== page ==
Moon to Mars

The Rational for a Moon to Mars Program

A Moon to Mars NASA Program would deploy a more robust lunar base
than would be the case if the Moon were the only or final destination.

MMM ## 191 DEC. 2005 p 1.
In Focus: Dear Santa: “a Moonbase made for Mars
It’s not about “what” we want!  It’s about “the best strategy” to get what we want

It is sad to watch the continuing “debate trap” into which many devoted “Moon first” and “Mars first” true believers fall. For in truth, not only would either Moon or Martian settlement prove economically non-viable without each other as a trading partner, both face the very high likelihood of being stillborn, if not summarily aborted, if either one is pursued alone. Politics is the reality, and Collaboration the strategy.

Consider the track record. George W. Bush emasculated the International Space Station by summarily reducing its design manning from seven to three (it takes 2.5 crew man time just to maintain the facility.) Yet he boasts that we have a Space Station.

A Moonbase, designed and pursued as an end in itself, would most likely suffer a similar fate. Reduced manning. No capacity to pursue resource utilization (oxygen production, cast basalt, metal alloys, building materials, etc.) We’d be able to boast that we have a “permanent” outpost on the Moon. Congress would care little, so long as it did not cost any more.

But if the goal is to build a workable Mars Base and try it out on the Moon first, then guess what we’d have?
  • A life support system that went beyond umbilical cord style resupply, rescue, and repair, but had to work without relief for extended periods of time, two years or more. This most likely would involve a considerable greenhouse food-growing operation, something that could be easily dropped from a Moonbase-only program, given inevitable budget pressures.
  • A design that had to take “shieldability” into account because the long stay times on Mars demanded such protection. On the Moon, in contrast, you could do without shielding if you rotated crews frequently enough.
  • A robust machine shop and repair facility, because on Mars, one might have to fabricate a critical part if the last spare had been used.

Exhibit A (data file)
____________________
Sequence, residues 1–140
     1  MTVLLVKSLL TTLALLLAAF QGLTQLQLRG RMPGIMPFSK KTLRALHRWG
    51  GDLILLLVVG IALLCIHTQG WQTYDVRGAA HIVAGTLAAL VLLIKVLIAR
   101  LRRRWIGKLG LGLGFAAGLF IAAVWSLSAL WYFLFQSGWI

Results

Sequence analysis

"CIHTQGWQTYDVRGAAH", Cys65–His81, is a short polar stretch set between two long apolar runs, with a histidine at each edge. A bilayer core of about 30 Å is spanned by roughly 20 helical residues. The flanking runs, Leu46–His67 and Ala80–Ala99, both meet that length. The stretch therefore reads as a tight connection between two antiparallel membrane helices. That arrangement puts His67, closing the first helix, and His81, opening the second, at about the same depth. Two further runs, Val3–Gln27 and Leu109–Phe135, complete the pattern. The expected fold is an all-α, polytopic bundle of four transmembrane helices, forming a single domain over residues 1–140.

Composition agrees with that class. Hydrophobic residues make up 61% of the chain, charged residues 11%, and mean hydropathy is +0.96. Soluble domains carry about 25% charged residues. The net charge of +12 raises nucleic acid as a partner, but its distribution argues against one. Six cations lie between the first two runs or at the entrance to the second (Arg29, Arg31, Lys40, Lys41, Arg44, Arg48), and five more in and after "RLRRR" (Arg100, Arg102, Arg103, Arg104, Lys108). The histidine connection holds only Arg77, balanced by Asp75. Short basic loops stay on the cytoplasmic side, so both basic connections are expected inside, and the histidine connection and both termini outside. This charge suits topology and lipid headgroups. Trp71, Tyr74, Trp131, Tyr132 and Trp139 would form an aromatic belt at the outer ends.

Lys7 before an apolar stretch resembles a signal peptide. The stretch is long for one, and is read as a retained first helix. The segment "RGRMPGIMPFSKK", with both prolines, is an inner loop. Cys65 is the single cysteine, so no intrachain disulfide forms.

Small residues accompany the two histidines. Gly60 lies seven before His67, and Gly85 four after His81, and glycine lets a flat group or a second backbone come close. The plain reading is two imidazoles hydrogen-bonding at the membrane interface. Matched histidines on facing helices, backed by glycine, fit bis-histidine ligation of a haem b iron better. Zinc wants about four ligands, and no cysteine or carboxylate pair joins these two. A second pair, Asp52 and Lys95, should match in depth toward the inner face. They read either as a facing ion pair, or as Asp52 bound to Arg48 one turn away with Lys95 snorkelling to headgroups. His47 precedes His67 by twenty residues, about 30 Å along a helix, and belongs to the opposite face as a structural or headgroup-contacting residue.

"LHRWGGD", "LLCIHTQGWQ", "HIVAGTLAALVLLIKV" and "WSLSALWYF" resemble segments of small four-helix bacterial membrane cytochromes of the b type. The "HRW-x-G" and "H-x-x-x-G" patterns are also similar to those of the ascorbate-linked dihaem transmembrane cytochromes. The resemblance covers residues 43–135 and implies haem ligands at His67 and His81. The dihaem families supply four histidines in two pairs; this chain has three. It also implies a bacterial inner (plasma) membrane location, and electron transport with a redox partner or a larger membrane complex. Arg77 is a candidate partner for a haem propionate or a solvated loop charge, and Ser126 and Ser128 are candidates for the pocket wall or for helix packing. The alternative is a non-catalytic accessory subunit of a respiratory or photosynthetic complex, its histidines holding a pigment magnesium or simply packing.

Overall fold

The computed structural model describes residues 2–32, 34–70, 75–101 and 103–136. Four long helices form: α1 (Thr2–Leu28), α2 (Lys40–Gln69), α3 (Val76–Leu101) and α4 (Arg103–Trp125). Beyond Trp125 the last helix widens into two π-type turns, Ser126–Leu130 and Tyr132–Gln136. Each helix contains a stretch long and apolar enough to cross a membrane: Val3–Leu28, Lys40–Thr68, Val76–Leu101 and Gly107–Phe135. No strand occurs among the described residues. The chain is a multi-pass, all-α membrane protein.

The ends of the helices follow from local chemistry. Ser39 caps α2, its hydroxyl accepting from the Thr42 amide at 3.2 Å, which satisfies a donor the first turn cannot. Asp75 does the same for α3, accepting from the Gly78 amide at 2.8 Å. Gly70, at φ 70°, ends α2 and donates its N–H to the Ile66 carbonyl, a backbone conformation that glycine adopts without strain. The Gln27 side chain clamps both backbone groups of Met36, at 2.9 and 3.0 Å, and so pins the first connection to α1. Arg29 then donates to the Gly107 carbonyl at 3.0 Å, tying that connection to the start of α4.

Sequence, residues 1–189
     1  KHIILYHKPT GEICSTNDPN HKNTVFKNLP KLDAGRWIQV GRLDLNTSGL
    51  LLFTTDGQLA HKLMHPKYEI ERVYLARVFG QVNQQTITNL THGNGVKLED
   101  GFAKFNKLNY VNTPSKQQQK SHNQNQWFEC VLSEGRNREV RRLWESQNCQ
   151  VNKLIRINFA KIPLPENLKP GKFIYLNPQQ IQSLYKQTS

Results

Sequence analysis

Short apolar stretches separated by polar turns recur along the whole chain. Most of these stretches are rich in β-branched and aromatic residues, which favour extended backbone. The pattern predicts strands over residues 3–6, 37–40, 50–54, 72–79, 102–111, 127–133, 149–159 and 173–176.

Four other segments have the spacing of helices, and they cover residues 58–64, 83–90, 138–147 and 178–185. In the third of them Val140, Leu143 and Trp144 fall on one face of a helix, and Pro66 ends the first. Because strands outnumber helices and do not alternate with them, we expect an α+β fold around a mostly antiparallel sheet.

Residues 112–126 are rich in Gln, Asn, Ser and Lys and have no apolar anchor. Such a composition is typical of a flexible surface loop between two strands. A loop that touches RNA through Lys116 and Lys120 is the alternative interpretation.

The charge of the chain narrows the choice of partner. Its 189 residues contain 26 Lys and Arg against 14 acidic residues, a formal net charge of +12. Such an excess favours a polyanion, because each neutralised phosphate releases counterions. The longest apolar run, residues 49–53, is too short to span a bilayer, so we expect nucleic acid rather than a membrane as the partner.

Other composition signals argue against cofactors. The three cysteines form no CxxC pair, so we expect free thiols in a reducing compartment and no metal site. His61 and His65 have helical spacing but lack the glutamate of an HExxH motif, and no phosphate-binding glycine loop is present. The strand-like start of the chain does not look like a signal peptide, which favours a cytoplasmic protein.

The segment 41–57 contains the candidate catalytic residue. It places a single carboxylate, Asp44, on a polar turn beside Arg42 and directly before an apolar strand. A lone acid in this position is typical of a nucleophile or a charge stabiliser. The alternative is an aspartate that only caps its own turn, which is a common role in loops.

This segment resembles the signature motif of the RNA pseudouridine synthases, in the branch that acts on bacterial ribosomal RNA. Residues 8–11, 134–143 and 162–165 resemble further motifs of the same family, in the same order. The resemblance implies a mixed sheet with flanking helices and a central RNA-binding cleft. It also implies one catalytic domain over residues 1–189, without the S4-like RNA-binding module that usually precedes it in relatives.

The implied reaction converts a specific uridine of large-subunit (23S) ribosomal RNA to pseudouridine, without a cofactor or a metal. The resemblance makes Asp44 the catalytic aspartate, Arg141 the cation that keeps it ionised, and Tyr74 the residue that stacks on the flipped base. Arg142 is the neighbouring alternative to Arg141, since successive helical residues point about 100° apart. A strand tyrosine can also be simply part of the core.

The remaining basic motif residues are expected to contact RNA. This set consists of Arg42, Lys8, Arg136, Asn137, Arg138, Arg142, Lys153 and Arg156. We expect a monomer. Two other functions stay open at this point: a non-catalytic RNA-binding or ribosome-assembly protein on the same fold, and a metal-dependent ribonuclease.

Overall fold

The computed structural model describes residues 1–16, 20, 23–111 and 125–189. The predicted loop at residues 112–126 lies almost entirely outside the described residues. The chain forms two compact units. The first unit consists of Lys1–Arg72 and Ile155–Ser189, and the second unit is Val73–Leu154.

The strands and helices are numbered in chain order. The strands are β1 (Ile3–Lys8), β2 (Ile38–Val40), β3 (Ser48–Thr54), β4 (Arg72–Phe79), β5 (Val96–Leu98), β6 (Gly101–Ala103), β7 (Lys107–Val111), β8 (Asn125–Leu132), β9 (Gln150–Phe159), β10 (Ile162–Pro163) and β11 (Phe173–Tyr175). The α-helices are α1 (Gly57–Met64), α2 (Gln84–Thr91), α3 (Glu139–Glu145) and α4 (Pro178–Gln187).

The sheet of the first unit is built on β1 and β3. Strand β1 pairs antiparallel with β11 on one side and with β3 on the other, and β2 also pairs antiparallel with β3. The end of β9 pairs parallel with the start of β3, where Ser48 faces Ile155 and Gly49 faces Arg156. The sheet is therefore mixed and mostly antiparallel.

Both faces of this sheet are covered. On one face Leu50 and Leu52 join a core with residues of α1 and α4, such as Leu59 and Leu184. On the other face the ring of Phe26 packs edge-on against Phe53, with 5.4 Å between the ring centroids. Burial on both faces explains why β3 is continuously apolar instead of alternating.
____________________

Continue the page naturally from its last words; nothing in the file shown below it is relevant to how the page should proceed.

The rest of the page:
• Development of an adequate power system not reliant on “eternal sunshine”  which is something that would not be available on Mars. We might end up with a power system that would let us operate anywhere on the Moon, not just in the polar cul de sacs of “eternal sunshine.”
  • Inclusion of a superior medical facility that with aid of the latest computer software programs from Earth would allow treatment of almost any medial emergency. In a Moonbase-only operation, we’d have emergency transport back to Earth as a crutch to fall back on.
  • Quicker development of expansion architectures that relied as much as possible on locally produced building materials, modules, and parts. In a Moonbase-only operation, we’d continue to rely on shipment of made-on-Earth modules (hard hull, inflatable, or hybrid) and parts.
  • The living spaces would be more likely to include the perks and amenities needed to ensure sustained crew morale and productivity over yearlong plus stays. In a Moonbase-only operation, we’d make do with submarine style living standards, or less. Such perks are an essential step towards the introduction of optional re-upping, signing up for continued stay duty - one small step on the road to the first “settler.”
  • I am sure there are still more points to make!
The one thing that wannabe Lunans and wannabe Martians both don’t seem to get, is that while Mars offers an atmosphere rich in oxygen, carbon, and nitrogen, plus a hydrosphere of unknown size, a more day-like rotation cycle, and other amenities, it remains initially a much harder nut to crack, because it lacks the one thing that the Moon offers: “location, location, location.”
 
Ironically, however, that “location benefit” can and will serve as a crutch that will be used by bean counters and politicians to restrict full development of any “government”  (national or multinational) outpost to the bare minimum to allow boasting that “we have one.”
 
Many Moon Base advocates will be hard to move off previous turf-protective positions. We ask them to consider that it might be in our best interests as advocates of lunar outposts, and resource-using settlements that on this point of posture towards the Bush Exploration Initiative, it is very much in our own best interests to ally ourselves with the well-articulated position of the Mars Society and standing side by side with them, work in unison for a Moonbase Designed for Mars. [snip]    PK